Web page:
Presenting symptoms included pain of the involved segment for all patients, edema (four patients), and difficulty walking (four patients). Seven patients were examined by X-ray, six patients underwent a CT scan, and three patients underwent an MRI. Seven patients underwent an ultrasound examination of the affected segment. In all cases, a malignant tumor of the bone was initially suspected, and all patients were treated with surgery. Despite all patients receiving pathological diagnosis of infection with E. granulosus, no patient received albendazole as part of the clinical management. The median hospital stay was 22 days. Only one patient is currently undergoing a regular follow-up. Complications were primarily considered a consequence of surgical treatment, as one patient with CE in the spine developed paraplegia of the legs after the intervention, and another patient sustained a permanent reduction in length of his right leg.

5. Discussion

Eight bone CE cases were seen in a single hospital in an endemic region. In our series, the most frequent localization was the pelvis, followed by the spine and long bones. Only one patient presented with a CE cyst in organs other than the bone, consistent with the literature where for 40% of patients bone is the only location [2]. Such a high number of cases of bone CE in a single center confirms that CE is highly endemic in Kazakhstan. While the low number of patients with other localizations of CE seem to contradict this conclusion, it should be noted that all correctly diagnosed CE cases in the Almaty region are treated at a dedicated center. However, knowledge about this disease is lacking as shown by the fact that CE was never included in the differential diagnosis in any of the patients in our cohort. Although CE of the bone is believed to be the consequence of a primary infection, some reported a coexistence of visceral and bone CE locations in 30–45% of cases [14]. In bone CE, an early diagnosis is crucial to improve therapy outcomes and limit the damage caused by this chronic entity [5, 14]. In our series, only one patient underwent a US scan of soft tissues surrounding the affected segment, and only three patients underwent an MRI. Even more worrisome is the fact that no patient received albendazole as part of their clinical management, and only one patient of our cohort is currently undergoing a regular follow-up, a key element of clinical management given the high number of relapses. This is particularly important in bone CE where surgery is a complex, high-risk procedure.

Figure 1: Absolute numbers of the anatomical distribution of bone CE lesions in our study.

6. Conclusions

Our data confirm that bone CE is a highly debilitating disease and a serious clinical challenge as it is frequently misdiagnosed and treated inadequately. In our series, all cases were mistaken for malignant tumors after radiological examinations. Larger studies are needed to infer general conclusions about the pathology and natural history of the disease, as well as to build consensus for the management of this form of CE. Interventions are urgently needed to assess the burden of CE in Kazakhstan and to inform clinicians of the existence of the disease.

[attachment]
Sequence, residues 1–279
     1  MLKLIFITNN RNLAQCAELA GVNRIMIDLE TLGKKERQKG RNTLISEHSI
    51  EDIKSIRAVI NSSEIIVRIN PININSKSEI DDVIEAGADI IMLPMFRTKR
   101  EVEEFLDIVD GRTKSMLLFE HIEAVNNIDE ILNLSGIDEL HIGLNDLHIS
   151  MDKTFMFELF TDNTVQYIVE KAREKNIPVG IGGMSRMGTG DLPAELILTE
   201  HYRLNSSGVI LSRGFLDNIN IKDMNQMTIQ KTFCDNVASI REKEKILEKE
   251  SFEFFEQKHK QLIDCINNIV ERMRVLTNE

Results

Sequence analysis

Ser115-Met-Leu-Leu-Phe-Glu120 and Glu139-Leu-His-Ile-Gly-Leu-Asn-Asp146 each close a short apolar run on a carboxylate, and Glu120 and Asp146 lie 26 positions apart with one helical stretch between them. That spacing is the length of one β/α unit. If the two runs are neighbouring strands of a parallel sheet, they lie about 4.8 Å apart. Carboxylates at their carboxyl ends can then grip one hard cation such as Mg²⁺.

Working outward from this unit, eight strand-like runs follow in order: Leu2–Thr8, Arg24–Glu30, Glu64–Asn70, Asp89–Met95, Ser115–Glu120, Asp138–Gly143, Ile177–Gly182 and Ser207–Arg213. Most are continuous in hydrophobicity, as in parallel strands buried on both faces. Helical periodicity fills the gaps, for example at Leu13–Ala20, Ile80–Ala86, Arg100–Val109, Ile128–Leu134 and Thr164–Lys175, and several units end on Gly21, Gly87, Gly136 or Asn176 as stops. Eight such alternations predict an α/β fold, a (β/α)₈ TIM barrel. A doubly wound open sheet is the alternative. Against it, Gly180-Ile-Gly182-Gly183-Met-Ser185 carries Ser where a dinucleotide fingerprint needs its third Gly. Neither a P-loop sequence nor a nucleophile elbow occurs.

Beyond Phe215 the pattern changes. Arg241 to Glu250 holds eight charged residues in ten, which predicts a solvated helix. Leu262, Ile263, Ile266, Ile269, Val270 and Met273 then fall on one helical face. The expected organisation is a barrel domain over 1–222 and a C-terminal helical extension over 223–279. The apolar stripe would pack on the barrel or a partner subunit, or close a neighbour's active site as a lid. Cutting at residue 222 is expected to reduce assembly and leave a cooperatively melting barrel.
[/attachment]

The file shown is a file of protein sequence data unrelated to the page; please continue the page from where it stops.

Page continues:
Conflicts of Interest

The authors declare that they have no conflicts of interest.

Authors’ Contributions

Tommaso Manciulli and Aigerim Mustapayeva have contributed equally.

Acknowledgments

This study was partly funded by a WHO TDR grant "Research Capacity Strengthening and Knowledge Management to Improve Disease Control (Special Programme for Research and Training in Tropical Diseases)" (to A. Duisenova).

References

  1. N. I. Agudelo Higuita, E. Brunetti, and C. McCloskey, “Cystic echinococcosis,” Journal of Clinical Microbiology, vol. 54, no. 3, pp. 518–523, 2016. View at Publisher · View at Google Scholar · View at Scopus
  2. A. Neumayr, F. Tamarozzi, S. Goblirsch, J. Blum, and E. Brunetti, “Spinal cystic echinococcosis-a systematic analysis and review of the literature: part 2. Treatment, follow-up and outcome,” PLoS Neglected Tropical Diseases, vol. 7, no. 9, Article ID e2458, 2013. View at Publisher · View at Google Scholar · View at Scopus
  3. E. Brunetti, H. H. Garcia, and T. Junghanss, “Cystic echinococcosis: chronic, complex, and still neglected,” PLoS Neglected Tropical Diseases, vol. 5, no. 7, Article ID e1146, 2011. View at Publisher · View at Google Scholar · View at Scopus
  4. E. Brunetti, P. Kern, and D. A. Vuitton, “Expert consensus for the diagnosis and treatment of cystic and alveolar echinococcosis in humans,” Acta Tropica, vol. 114, no. 1, pp. 1–16, 2010. View at Publisher · View at Google Scholar · View at Scopus
  5. A. Neumayr, F. Tamarozzi, S. Goblirsch, J. Blum, and E. Brunetti, “Spinal cystic echinococcosis-a systematic analysis and review of the literature: part 1. Epidemiology and anatomy,” PLoS Neglected Tropical Diseases, vol. 7, no. 9, Article ID e2450, 2013. View at Publisher · View at Google Scholar · View at Scopus
  6. P. S. Craig, C. M. Budke, P. M. Schantz et al., “Human echinococcosis: a neglected disease?” Tropical Medicine and Health, vol. 35, no. 4, pp. 283–292, 2007. View at Publisher · View at Google Scholar · View at Scopus
  7. C. M. Budke, P. Deplazes, and P. R. Torgerson, “Global socioeconomic impact of cystic echinococcosis,” Emerging Infectious Diseases, vol. 12, no. 2, pp. 296–303, 2006. View at Publisher · View at Google Scholar · View at Scopus
  8. A. Papanikolaou, “Osseous hydatid disease,” Transactions of the Royal Society of Tropical Medicine and Hygiene, vol. 102, no. 3, pp. 233–238, 2008. View at Publisher · View at Google Scholar · View at Scopus
  9. P. A. Braithwaite and R. F. Lees, “Vertebral hydatid disease: radiological assessment,” Radiology, vol. 140, no. 3, pp. 763–766, 1981. View at Publisher · View at Google Scholar · View at Scopus
  10. M. Zlitni, K. Ezzaouia, H. Lebib, M. Karray, M. Kooli, and M. Mestiri, “Hydatid cyst of bone: diagnosis and treatment,” World Journal of Surgery, vol. 25, no. 1, pp. 75–82, 2001. View at Google Scholar
  11. G. Togral, S. Arkan, T. Ekiz, A. Kekec, and M. Eksioglu, “Musculoskeletal hydatid cysts resembling tumors: a report of five cases,” Orthopaedic Surgery, vol. 8, no. 2, pp. 246–252, 2016. View at Publisher · View at Google Scholar · View at Scopus
  12. B. Doğanavşargil, E. Ayhan, M. Argin et al., “Cystic bone lesions: histopathological spectrum and diagnostic challenges,” Turkish Journal of Pathology, vol. 31, no. 2, pp. 95–103, 2015. View at Publisher · View at Google Scholar · View at Scopus
  13. P. R. Torgerson, B. S. Shaikenov, K. K. Baitursinov, and A. M. Abdybekova, “The emerging epidemic of echinococcosis in Kazakhstan,” Transactions of the Royal Society of Tropical Medicine and Hygiene, vol. 96, no. 2, pp. 124–128, 2002. View at Publisher · View at Google Scholar · View at Scopus
  14. D. Bracanovic, M. Djuric, J. Sopta, D. Djonic, and N. Lujic, “Skeletal manifestations of hydatid disease in Serbia: demographic distribution, site involvement, radiological findings, and complications,” Korean Journal of Parasitology, vol. 51, no. 4, pp. 453–459, 2013. View at Publisher · View at Google Scholar · View at Scopus